Doctors, there is a bright side to Cerebral Palsy.

Doctors, please stop going by the textbooks and open up your eyes. There is a bright side to cerebral palsy.

Moreover, I am here to tell you all about it since the majority of doctors in the medical field do not have anything positive to say about cerebral palsy when a loved one is becoming aware of their loved one’s diagnosis of cerebral palsy.

Here I am laying down in my room writing on my computer screen thinking about this, and my mind is just spinning and twirling.

Thinking to myself: Why in the heck haven’t doctors told parents about the bright side of their child’s diagnoses?

I wish doctors would tell parents the positives instead of beginning a sentence with the words “your child may never be able to walk, speak or feed themselves or, in other terms, live a normal, average life.”

However, I wonder if doctors know the truth of the journey you and your loved one are about to take?

The one thing I wish the doctors would tell parents that are finding out their child has CP is that each journey is unique. Each journey has it is good and its bad days. The good days when your CP warrior is smiling and go-lucky and doesn’t care about what anybody thinks of them or sees the fact that he or she is different definitely is well worth it.

I wish doctors would tell parents that your child could  be the next President of the United States or could be the next Olympian athlete or could be the next best-selling author or astronaut.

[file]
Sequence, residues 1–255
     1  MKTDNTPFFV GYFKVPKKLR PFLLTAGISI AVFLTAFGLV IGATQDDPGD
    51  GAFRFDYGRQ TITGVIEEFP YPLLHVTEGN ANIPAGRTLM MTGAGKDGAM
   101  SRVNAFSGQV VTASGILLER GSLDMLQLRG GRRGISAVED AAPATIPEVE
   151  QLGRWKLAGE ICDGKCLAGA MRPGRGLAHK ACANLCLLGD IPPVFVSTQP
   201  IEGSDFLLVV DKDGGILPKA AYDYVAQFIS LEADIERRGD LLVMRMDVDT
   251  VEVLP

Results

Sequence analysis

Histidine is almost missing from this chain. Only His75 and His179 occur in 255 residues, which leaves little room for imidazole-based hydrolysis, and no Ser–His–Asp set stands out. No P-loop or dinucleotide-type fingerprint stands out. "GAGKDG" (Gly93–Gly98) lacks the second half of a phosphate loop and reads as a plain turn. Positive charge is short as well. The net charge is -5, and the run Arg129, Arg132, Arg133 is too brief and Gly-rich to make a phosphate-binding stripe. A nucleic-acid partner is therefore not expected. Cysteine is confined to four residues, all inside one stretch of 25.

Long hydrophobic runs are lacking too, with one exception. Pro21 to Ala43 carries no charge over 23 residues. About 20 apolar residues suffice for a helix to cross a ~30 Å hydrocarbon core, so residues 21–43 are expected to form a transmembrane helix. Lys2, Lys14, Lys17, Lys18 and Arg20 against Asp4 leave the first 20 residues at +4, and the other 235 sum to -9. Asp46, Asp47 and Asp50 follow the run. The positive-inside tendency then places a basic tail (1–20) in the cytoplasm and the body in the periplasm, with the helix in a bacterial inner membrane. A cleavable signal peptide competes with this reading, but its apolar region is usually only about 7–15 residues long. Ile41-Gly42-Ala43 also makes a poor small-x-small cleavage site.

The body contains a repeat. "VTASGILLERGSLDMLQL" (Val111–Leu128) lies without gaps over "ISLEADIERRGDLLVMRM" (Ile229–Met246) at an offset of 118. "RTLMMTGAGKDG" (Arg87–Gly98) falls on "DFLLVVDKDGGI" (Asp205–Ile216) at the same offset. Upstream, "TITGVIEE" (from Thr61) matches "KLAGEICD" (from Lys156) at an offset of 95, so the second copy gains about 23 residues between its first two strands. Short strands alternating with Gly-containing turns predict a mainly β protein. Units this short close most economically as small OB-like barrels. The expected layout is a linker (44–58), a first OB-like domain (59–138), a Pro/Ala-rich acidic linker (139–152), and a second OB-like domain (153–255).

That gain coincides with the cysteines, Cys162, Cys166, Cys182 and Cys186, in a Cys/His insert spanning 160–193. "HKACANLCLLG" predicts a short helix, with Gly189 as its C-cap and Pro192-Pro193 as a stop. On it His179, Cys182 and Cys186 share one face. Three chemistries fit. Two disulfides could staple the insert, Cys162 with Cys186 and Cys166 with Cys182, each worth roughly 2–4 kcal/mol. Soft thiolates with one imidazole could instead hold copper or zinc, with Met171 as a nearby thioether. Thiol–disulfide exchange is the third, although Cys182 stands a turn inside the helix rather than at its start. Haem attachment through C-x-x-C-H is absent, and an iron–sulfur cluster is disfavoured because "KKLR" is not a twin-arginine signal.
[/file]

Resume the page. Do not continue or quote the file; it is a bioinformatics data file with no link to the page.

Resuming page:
I wish the first things doctors told the loved one’s concerning a cerebral palsy diagnosis is that your child  will bring smiles to everyone around them in touch people’s hearts.

I wish that doctors would tell parents that it will all be okay. You just got a stomp on cerebral palsy one day at time.

I wish doctors would tell parents that their child with CP is more than just more than just a statistic.

I wish that doctors in the medical field would let parents know that your child can be the voice that changes the world for people with disabilities.

Most of all, I wish doctors understood that we are not just another example in the medical books. We are unique and we are one-of-a-kind.

Tylia Flores

Tylia Flores is a 23-year-old born with cerebral palsy. Although her condition has affected her mobility, it has never affected her will and determination.

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